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Election


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Product Details

  • Actors: Louis Koo, Suet Lam, Tony Ka Fai Leung, Siu-Fai Cheung, Simon Yam
  • Directors: Johnnie To
  • Writers: Nai-Hoi Yau, Tin-Shing Yip
  • Producers: Johnnie To, Catherine Chan, Dennis Law, Elos Gallo, Kok Leung Kuk
  • Format: Multiple Formats, Color, NTSC, Subtitled, Widescreen
  • Language: Cantonese
  • Subtitles: English, Spanish
  • Region: Region 1 (U.S. and Canada only. Read more about DVD formats.)
  • Aspect Ratio: 1.66:1
  • Number of discs: 1
  • Rated: Unrated
  • Studio: Tartan Video
  • DVD Release Date: November 6, 2007
  • Run Time: 100 minutes
  • Average Customer Review: 4.1 out of 5 stars  See all reviews (17 customer reviews)
  • Shipping: Currently, item can be shipped only within the U.S. and to APO/FPO addresses. For APO/FPO shipments, please check with the manufacturer regarding warranty and support issues.
  • ASIN: B000UNYJOU
  • Amazon Best Sellers Rank: #200,400 in Movies & TV (See Top 100 in Movies & TV)
  • Learn more about "Election" on IMDb

Special Features

None.

Editorial Reviews

Every two years the senior members of the Wo Shing Triad, the oldest gang in Hong Kong, elect an up-and-coming younger boss as their chairman. The two candidates they are voting on couldn’t be farther apart in personality; Lok (Simon Yam) is a levelheaded businessman and Big D (Tony Leung Ka-Fai) is a loud, obnoxious, violent criminal. When the voting does not go how some people would have liked, lines are divided and a gang war begins to form.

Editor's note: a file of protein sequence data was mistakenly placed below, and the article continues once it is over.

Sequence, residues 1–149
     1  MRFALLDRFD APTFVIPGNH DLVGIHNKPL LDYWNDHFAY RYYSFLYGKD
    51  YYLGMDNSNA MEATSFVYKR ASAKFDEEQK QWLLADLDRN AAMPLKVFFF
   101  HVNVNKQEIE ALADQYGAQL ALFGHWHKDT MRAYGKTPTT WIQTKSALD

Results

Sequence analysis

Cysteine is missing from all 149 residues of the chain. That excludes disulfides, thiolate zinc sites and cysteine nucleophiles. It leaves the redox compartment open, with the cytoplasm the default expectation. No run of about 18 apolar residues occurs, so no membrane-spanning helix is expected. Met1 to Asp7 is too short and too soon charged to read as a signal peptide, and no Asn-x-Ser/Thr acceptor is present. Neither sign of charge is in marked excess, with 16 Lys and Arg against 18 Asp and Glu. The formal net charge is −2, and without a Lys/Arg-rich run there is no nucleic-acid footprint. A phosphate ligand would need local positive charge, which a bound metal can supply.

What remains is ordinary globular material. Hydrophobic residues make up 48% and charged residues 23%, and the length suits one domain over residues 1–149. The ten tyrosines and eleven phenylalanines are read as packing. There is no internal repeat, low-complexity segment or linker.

Customer Reviews

The action is great, and it fits an overall scheme and an interesting story.
R9
From my point of view, this film is not perfect (3.5 stars out of 5), but it original, and well-worth seeing, if you can stand the sometimes shocking violence.
M. B. Alcat
With two principle candidates in the running for the looming election, there seems a clear division about the future of the Triad.
K. Harris

Most Helpful Customer Reviews

15 of 16 people found the following review helpful By MutantChaos on December 13, 2007
Format: DVD
Election is the first film in this gangster series (Triad Election is the sequel) from the greatest filmmaker currently working in Hong Kong, Johnnie To. If you aren't familiar with Mr. To's work, imagine John Woo with less action (at least in this film - watch Exiled, another top notch film, for more action oriented To fare) but a much better handle on story and storytelling than Woo ever had. This is less action/thrills oriented than Infernal Affairs (which it is sometimes compared to), but I think Election is a much better film.